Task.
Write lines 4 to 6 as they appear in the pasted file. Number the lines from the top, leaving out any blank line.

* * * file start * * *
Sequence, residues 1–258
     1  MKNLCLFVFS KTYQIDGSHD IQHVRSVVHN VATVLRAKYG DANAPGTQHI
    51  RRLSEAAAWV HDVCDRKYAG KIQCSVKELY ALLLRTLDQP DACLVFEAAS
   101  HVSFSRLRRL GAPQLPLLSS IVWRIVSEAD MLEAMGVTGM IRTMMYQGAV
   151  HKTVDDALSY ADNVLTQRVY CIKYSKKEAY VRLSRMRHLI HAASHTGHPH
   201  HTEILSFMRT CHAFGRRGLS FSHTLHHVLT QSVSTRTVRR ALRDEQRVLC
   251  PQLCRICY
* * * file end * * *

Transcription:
   101  HVSFSRLRRL GAPQLPLLSS IVWRIVSEAD MLEAMGVTGM IRTMMYQGAV
   151  HKTVDDALSY ADNVLTQRVY CIKYSKKEAY VRLSRMRHLI HAASHTGHPH
   201  HTEILSFMRT CHAFGRRGLS FSHTLHHVLT QSVSTRTVRR ALRDEQRVLC